22 November 2007 (Jakarta Post, BBC) – A museum theft ring was uncovered in Surakarta, in Java, Indonesia, involving several staff members of a museum who have been selling the museum’s collections and replacing them with copies. The stolen artefacts are Hindu-Buddhist statues from Indonesia’s classical period, dating back to the 13th century.
Police break up internal theft racket at museum
Several staff including a curator from Surakarta’s Radya Pustaka Museum have admitted to an internal theft racquet involving up to 13 century-old statues, after police acted on a former-staff member’s report.
Central Java Police said Wednesday they had recovered from a businessman’s home in Jakarta five of historical statues stolen from the museum.
Each statue had been replaced at the museum with fakes.
The businessman has been identified only as HS and he is believed to have purchased the stolen statues from the museum staff for more than Rp 500 million (US$54,190).
Central Java Police chief Insp. Gen. Dody Sumantyawan said HR was not at home when they raided his home.
Statues dating back to between the 4th and 10th Centuries were taken from the museum, including the Ciwa Mahadewa, Durga Mahesasuramardhini I and II, Agastya, Mahakala, Dhyani Buddha, Saraswati and Bodhisatva Avalokitesvara.
Thieves acting between 2005 and 2007 have also taken a large china tray, a bronze chandelier and a crystal fruit tray presented by Napoleon Bonaparte to the then-ruler of Surakarta, Paku Buwono IV.
The burglaries came to light only after former museum worker Andrea Amborowatiningsih spoke to the media about the disappearance of the museum’s collections.
Andrea said she had previously informed the museum curator KRH Darmodipuro of the disappearances — but she had been ignored.
She said the curator had persistently told her nothing was missing, before she was eventually dismissed from her job.
After Andrea reported the thefts, the police said they arrested on Sunday four suspects — Darmodipuro, 69 (museum curator), Suparjo, alias Gatot, 38 (security guard), Jawardi, 37 (maintenance staff), and Heru Suryanto, 55, a resident from Sukoharjo believed to be the middleman.
The suspects said they copied the statues before selling the originals to HS.
They told police they sold the Ciwa Mahadewa statue for Rp 35 million (approximately US$3,800), the Durga Mahisasuramardhini I and II statues for Rp 200 million and Rp 80 million respectively, the Agastya for Rp 90 million, and the Mahakala statue for Rp 100 million.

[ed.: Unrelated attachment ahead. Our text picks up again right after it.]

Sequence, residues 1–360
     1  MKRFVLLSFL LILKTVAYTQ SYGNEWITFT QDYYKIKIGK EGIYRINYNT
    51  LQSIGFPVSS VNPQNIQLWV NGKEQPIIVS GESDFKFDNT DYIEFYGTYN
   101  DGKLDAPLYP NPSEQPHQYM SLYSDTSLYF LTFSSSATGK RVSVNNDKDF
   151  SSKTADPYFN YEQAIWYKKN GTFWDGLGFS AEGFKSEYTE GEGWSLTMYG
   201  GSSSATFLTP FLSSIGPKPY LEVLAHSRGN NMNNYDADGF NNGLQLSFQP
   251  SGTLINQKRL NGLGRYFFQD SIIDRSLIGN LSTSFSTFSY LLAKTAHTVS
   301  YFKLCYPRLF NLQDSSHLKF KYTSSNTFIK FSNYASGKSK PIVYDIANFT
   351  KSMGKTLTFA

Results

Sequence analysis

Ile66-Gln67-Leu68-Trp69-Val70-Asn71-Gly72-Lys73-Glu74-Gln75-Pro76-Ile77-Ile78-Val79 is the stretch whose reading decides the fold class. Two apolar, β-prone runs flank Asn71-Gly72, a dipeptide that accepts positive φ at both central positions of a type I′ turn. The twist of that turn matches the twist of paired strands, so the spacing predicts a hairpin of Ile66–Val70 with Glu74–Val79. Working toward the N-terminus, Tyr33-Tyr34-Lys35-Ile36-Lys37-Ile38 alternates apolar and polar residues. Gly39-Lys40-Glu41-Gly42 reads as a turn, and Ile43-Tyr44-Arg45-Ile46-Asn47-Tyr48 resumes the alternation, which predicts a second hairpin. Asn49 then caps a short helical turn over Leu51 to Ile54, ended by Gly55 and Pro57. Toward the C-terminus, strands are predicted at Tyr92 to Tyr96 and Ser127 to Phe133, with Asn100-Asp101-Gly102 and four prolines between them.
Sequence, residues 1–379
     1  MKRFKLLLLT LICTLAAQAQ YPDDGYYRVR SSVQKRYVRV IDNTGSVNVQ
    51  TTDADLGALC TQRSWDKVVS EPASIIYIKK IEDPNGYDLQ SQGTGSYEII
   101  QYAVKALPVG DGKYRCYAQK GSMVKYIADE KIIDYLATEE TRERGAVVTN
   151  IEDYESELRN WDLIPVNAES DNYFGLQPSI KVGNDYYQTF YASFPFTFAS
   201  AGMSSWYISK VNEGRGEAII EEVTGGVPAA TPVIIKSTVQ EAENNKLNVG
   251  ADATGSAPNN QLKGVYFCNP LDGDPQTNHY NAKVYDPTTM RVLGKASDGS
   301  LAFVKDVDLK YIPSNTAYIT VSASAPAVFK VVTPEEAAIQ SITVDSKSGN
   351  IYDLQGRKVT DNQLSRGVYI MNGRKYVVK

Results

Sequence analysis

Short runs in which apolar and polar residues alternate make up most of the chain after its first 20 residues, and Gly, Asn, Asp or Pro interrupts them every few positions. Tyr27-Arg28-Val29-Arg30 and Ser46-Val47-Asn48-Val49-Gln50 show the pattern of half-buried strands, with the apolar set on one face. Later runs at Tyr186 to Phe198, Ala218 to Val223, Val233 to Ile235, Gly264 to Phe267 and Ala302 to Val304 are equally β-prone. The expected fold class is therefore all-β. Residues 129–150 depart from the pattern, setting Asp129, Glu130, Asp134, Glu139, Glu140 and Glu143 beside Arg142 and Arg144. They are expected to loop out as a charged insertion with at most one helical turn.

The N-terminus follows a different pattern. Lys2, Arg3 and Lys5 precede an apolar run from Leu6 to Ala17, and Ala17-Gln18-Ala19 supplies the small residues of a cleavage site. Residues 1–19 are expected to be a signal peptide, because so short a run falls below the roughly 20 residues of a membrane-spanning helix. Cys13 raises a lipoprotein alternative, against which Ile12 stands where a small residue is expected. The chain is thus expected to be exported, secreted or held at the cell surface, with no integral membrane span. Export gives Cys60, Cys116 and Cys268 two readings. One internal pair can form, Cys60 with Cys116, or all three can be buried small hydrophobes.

Dody said police would immediately question the businessman called HR once he returned to his Jakarta home.
“We will bring the statues back to the museum to compare them with the fake ones,” Dody said.
“Then an archeological team will study their differences.”
Archeologist Anggit Nugroho said laymen would probably not have been able to identify the fakes from the originals.
“But we will know immediately,” Anggit said.
“The fake ones were apparently made in Muntilan.
“And the carver made them based on photographs,” he said.
Police have not found the remaining six historical remnants stolen from the museum.
Police said a German national was also potentially involved in the theft of five of the statues.
“We are still investigating the role played by the foreigner and we are still unclear whether or not the statues (have been) taken overseas,” Dody said.
The museum is temporarily closed to the public until Nov. 26 due to police investigations.
Stolen Javanese statues returned
By Lucy Williamson
Five ancient statues allegedly stolen from an Indonesian museum by its curator have been found, officials say.
The statues were returned to the museum in the Javanese city of Surakarta after being found in the capital Jakarta.
Police have already arrested three members of museum staff and accused them of stealing statues from the collection and selling them off.
The five stone statues are all from central Java and date from the 7th to 9th centuries.
State investigators say the items are among nine pieces that went missing from the museum.
Three bronze statues and a porcelain plate are still missing.
Investigators allege that the curator, helped by his staff, stole the pieces from the collection and replaced them with fakes.
The alleged scam was brought to light by a former employee, who told a professor at a local university what had happened.
The state archaeology body, which investigated her claims, said there had been no inventory at the museum for six years, and that many other items could be missing.
The museum, which was founded more than 100 years ago, is the oldest in Indonesia.
– Ancient History (The Indonesian Heritage Series) by Indonesian Heritage
– Art of Indonesia: Pusaka
– Icons of Art: The Collections of the National Museum of Indonesia by J. N. Miksic
– Museum Treasures of Southeast Asia by B. Campell
– Early Kingdoms of the Indonesian Archipelago and the Malay Peninsula by P. M. Munoz
– Worshiping Siva and Buddha: The Temple Art of East Java by A. R. Kinney, M. J. Klokke and L. Kieven
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